Last month's dramatic plunge in U.S. share prices was probably due to stock market fragmentation and not to high-speed trading, Craig Donohue, chief executive of the CME Group, said on Tuesday.
The May 6 "flash crash" rattled investors globally and exposed deep flaws in the high-speed U.S. marketplace.
The Dow Jones industrial average plunged some 700 points in minutes before sharply rebounding that afternoon.
"It has very little or nothing to do with high frequency trading and very much to do with cash equities fragmentation," Donohue told a London derivatives week event.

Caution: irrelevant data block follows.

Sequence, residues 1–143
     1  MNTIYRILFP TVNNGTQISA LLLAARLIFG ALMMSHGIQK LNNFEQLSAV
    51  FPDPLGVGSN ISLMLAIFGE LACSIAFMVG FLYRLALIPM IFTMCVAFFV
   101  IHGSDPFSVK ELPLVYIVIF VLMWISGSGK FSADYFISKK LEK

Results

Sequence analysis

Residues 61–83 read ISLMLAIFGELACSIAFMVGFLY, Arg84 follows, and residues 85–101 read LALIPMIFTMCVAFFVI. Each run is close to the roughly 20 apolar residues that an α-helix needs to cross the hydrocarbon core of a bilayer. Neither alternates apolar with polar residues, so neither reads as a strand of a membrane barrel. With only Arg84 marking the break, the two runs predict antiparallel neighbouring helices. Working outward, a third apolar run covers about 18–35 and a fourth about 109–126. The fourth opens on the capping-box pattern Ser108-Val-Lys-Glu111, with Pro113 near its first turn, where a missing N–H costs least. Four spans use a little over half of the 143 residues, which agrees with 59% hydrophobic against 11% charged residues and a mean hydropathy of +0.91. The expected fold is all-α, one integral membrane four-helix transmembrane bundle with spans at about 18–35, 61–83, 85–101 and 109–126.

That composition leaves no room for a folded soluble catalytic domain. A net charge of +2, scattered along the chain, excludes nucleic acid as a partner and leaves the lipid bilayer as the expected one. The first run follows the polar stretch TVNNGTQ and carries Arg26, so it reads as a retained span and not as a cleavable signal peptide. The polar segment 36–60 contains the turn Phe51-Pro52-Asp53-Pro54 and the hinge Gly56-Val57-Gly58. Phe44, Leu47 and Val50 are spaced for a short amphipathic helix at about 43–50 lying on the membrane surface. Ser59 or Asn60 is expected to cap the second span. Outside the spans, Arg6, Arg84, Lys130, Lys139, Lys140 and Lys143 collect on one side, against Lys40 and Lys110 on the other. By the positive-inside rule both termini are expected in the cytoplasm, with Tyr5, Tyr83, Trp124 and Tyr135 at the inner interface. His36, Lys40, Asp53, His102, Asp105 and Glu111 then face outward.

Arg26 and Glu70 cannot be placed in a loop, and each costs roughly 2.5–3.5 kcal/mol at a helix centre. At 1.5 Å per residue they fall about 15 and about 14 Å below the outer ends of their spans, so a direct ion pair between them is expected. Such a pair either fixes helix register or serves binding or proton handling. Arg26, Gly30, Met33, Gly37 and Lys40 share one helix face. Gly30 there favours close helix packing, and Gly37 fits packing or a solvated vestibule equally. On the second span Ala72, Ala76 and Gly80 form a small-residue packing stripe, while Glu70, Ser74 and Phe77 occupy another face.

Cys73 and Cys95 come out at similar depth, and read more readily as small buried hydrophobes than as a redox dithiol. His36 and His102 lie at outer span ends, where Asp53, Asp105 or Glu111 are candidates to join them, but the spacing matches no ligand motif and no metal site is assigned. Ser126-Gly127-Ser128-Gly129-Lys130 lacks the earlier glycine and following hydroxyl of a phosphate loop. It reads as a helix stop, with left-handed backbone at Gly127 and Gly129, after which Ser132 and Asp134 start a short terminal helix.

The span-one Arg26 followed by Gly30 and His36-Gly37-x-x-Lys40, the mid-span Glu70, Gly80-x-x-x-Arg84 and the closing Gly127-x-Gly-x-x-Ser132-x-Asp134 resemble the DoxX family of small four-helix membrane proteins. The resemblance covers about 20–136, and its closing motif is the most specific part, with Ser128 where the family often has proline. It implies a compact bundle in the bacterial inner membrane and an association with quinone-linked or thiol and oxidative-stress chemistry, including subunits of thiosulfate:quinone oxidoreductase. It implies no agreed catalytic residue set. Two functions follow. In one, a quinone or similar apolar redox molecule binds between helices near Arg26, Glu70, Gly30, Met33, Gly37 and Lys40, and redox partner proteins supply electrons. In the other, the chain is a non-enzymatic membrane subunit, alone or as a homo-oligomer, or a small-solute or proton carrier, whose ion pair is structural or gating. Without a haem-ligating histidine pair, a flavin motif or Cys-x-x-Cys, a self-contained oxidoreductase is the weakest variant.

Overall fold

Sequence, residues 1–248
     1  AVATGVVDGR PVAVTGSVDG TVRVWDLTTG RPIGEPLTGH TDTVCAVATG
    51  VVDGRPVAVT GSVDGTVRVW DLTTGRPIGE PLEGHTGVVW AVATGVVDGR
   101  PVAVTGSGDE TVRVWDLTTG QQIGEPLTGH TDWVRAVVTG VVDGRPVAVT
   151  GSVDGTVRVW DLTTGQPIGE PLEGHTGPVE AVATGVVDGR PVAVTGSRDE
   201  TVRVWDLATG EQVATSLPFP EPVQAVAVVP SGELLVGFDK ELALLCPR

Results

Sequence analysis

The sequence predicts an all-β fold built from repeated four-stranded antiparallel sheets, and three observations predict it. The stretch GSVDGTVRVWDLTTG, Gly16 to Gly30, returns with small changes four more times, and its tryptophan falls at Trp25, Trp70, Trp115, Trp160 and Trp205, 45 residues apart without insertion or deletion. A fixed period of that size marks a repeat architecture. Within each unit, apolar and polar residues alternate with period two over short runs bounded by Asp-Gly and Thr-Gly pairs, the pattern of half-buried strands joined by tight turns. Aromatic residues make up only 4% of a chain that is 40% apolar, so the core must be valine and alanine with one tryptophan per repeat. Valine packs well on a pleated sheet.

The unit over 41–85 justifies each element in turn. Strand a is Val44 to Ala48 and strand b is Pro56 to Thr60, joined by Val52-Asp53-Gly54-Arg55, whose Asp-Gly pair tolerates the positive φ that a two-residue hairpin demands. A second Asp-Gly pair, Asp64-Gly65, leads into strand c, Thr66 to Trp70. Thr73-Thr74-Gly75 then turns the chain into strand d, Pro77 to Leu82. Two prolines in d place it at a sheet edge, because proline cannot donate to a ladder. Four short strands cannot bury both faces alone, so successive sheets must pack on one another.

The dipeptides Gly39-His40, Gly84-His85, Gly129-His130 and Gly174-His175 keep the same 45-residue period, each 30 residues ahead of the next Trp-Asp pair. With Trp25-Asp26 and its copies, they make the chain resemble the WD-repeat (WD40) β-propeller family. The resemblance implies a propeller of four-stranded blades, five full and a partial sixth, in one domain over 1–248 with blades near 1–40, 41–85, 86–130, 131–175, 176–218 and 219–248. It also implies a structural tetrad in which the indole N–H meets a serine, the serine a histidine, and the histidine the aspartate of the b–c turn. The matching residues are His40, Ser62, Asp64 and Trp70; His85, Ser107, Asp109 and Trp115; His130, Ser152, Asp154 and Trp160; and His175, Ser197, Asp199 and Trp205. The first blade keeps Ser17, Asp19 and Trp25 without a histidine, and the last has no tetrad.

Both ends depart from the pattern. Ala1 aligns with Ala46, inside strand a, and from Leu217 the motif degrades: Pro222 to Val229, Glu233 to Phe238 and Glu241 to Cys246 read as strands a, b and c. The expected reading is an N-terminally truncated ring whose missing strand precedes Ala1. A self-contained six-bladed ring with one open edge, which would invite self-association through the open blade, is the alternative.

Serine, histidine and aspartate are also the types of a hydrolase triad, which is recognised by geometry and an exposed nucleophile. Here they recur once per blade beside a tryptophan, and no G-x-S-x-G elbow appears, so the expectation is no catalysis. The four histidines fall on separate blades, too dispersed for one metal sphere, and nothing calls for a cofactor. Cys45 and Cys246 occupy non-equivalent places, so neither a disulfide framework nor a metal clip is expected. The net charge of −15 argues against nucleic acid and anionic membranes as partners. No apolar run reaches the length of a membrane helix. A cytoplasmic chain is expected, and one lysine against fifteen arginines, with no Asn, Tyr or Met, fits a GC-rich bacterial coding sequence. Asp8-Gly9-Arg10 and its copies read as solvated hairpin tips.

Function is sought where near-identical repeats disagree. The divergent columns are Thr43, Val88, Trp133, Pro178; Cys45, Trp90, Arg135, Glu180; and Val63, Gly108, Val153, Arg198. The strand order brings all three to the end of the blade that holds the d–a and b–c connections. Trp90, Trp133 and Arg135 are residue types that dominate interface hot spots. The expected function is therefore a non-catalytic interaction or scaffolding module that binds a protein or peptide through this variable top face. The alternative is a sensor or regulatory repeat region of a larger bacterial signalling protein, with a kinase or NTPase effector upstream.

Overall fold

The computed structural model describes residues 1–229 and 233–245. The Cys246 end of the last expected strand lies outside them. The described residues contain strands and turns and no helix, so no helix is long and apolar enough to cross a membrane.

The splitting up of the U.S. share market into 50 to 60 venues meant a "complete total lack of regulatory oversight," the head of the largest U.S. derivatives exchange added.
Worries over the euro zone sovereign debt crisis and investors pulling liquidity combined to create a "volatile mixture," Donohue said.
In contrast, the derivatives trading sector has curbs that would have kicked in to protect investors, he added.
Regulators are encouraging exchange trading and central clearing of derivatives contracts currently traded bilaterally between banks in a bid to cut risks.
Donohue said the CME Group will look to add value in clearing and look for ways to be complementary to off-exchange market participants.
EU share trading rules known as MiFID have also fragmented the European share trading market and the bloc's regulators are looking if lessons can be learned from the flash crash.
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